One of the most pressing questions for many countries is what kinds of socio-economic conditions exist where and why in their space. National governments tend to have, as one of their mandates, the equalization of positive conditions for their citizens no matter where they live. Equality is a highly valued human characteristic. Normally, the bigger the geography of a country, the larger are its differences.
At the worldwide level, all the poorer countries want to improve their conditions to approach those of the developed world. When this cannot be done, many of its citizens migrate to the richer countries either legally or, more recently, illegally. Yet the richer countries want to increase their well-being of their people. Stagnation or decline is seen as something to be avoided at all cost by any country.
This spatial inequality, however, does not manifest itself only at the international and national scale. It also exists at the regional and metropolitan level. Here we have richer and poorer, growing and decaying, cities, towns, and neighbourhoods. It seems that the famous sayings ‘birds of a feather flock together’ and ‘misery loves company’ are true at all geographic scales and create tensions for a society.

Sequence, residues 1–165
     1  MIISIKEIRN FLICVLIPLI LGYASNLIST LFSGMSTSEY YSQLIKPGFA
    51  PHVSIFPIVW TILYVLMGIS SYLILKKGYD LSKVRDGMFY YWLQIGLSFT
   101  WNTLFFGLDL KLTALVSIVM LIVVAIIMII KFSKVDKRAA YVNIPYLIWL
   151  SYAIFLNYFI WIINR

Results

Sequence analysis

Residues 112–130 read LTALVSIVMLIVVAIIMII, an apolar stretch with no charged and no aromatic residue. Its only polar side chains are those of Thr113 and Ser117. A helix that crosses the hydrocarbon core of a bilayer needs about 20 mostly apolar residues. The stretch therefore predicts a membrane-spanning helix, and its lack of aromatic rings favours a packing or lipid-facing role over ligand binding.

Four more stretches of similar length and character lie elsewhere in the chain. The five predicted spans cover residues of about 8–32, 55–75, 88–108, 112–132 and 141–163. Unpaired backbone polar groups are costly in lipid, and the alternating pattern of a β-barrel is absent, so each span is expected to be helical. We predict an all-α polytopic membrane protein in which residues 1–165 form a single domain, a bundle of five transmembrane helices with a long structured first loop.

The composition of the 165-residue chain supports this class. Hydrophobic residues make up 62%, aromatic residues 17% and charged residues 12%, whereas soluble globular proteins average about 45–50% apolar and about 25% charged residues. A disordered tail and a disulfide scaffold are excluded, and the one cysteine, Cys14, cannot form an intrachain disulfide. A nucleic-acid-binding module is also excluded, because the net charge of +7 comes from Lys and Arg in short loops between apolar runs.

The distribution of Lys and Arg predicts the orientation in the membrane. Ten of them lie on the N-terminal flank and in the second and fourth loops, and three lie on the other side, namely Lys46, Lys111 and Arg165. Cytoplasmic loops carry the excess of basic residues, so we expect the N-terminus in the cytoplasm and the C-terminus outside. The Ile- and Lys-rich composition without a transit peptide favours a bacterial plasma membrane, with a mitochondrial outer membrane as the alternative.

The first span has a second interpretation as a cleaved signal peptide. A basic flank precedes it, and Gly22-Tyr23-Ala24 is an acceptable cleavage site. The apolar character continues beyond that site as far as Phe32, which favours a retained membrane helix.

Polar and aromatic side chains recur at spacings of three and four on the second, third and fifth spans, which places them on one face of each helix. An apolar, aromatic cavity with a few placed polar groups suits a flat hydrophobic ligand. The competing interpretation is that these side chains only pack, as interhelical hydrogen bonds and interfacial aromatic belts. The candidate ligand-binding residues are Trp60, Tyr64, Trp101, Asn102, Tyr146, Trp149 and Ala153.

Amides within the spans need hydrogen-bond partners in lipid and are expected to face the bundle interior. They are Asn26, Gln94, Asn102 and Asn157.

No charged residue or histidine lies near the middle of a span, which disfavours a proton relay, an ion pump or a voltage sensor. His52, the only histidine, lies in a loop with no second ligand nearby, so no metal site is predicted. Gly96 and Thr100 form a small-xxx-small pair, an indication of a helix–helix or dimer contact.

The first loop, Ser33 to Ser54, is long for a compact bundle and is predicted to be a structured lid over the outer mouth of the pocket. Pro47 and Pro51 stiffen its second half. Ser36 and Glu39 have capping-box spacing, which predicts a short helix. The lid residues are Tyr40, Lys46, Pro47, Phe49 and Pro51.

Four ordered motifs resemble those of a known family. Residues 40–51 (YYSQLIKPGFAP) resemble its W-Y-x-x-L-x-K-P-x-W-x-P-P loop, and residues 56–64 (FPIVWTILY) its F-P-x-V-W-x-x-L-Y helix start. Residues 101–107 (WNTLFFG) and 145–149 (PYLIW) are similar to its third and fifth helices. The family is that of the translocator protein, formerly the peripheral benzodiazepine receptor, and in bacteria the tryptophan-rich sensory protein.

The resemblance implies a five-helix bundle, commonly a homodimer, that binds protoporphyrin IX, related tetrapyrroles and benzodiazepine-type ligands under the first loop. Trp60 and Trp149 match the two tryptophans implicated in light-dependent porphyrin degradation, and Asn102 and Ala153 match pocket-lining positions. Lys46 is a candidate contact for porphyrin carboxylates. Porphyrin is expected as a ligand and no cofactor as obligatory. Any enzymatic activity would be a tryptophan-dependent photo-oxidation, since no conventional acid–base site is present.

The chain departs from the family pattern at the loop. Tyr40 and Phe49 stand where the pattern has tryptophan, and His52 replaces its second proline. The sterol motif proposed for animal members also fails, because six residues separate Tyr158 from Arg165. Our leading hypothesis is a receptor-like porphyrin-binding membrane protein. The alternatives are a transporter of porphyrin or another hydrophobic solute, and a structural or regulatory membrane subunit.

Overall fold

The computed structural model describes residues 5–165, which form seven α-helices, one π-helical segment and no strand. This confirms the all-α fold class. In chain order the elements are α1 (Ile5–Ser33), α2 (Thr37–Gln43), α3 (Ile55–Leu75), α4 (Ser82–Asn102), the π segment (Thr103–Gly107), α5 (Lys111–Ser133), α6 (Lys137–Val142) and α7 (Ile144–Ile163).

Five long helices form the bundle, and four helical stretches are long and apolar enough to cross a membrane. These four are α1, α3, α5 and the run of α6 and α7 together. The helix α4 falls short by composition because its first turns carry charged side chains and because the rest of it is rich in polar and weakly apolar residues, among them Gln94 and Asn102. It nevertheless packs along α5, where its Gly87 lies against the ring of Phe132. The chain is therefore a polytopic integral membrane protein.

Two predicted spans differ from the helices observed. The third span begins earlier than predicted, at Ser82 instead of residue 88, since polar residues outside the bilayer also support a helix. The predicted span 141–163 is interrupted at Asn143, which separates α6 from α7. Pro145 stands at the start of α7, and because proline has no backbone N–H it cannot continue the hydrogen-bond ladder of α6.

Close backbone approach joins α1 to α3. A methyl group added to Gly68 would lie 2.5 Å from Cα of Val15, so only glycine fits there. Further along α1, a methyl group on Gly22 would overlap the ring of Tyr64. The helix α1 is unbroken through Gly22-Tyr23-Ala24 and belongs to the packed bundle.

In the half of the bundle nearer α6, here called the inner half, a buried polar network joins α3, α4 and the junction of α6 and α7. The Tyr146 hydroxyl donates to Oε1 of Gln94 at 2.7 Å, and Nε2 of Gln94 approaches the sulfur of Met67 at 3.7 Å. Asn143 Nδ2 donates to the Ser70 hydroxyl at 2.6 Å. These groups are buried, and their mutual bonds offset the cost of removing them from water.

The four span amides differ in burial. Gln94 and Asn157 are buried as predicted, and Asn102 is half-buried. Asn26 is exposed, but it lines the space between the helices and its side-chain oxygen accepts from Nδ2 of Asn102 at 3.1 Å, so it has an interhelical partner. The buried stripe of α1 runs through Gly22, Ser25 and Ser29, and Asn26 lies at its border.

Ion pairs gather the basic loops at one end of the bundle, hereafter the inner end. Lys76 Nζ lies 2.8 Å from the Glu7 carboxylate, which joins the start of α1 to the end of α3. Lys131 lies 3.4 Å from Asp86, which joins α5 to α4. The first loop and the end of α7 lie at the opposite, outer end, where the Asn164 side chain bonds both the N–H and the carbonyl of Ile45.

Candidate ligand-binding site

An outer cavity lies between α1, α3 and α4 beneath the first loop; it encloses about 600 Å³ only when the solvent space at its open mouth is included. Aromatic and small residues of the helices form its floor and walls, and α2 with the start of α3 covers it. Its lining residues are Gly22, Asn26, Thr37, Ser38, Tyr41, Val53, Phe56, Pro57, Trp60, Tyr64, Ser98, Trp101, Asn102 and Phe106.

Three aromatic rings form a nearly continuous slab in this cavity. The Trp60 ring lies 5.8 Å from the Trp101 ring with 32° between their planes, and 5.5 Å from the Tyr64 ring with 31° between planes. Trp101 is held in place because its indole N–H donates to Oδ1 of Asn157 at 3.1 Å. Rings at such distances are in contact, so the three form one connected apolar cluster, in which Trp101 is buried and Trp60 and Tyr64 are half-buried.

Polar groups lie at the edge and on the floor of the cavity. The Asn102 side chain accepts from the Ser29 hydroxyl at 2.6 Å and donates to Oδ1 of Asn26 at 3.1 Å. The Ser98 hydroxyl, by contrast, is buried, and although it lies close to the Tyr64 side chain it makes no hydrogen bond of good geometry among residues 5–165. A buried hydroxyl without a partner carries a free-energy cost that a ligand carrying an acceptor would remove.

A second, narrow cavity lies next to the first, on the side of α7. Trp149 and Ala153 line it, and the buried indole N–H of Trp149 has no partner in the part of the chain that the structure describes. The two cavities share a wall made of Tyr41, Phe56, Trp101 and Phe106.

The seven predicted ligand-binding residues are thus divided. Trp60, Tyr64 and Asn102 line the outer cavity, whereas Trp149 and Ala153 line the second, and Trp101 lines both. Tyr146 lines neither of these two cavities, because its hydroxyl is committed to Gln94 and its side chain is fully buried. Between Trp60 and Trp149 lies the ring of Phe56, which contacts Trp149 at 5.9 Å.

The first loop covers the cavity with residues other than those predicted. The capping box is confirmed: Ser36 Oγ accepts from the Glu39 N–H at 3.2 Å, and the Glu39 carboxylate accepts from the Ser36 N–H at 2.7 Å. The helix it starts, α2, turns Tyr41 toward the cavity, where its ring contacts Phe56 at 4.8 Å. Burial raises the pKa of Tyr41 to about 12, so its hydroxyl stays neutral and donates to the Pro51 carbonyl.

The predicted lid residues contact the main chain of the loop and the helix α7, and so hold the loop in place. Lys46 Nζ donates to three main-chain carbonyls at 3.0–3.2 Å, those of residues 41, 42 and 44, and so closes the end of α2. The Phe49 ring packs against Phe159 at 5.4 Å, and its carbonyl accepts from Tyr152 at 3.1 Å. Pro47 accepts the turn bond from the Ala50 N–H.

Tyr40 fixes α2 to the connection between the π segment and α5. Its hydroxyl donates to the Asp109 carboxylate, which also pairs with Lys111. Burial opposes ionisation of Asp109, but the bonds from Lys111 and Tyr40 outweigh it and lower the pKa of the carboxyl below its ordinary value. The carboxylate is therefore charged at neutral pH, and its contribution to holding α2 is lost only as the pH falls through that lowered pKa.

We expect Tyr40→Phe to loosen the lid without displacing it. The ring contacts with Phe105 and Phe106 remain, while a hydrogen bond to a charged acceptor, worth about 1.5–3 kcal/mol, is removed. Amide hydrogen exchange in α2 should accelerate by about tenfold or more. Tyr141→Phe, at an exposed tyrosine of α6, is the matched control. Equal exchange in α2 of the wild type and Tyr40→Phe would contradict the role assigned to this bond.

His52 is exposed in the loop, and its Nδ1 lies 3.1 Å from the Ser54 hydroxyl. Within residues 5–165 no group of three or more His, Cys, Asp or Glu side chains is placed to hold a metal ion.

How equalization can be achieved is a major challenge to politicians and planners. Natural forces seem to produce inequalities over space. However, inequalities are not constant over time. Healthy regions can change to depressed ones as the nature of their economies or even politics changes. Business, technology, fashion and environmental cycles can destroy privileged areas and build up former depressed or unimportant areas into new ‘power houses’.
One of the major interests of this Centre is to look at regional variations in Europe and/or how it compares to other areas of the world. The overarching research questions are; where are the major regional differences and how big or troubling are they? Second, what policies and programs are proposed to remove them?